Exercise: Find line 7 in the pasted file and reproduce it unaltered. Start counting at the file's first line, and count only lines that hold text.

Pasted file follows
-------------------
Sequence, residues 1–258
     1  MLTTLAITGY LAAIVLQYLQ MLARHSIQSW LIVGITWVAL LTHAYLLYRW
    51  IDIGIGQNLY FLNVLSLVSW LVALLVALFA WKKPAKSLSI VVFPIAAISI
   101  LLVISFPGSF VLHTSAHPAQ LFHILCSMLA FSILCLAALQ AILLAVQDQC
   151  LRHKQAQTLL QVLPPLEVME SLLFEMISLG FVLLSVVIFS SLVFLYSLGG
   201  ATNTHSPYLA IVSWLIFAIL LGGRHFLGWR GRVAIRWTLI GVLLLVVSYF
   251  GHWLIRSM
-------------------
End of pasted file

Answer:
   251  GHWLIRSM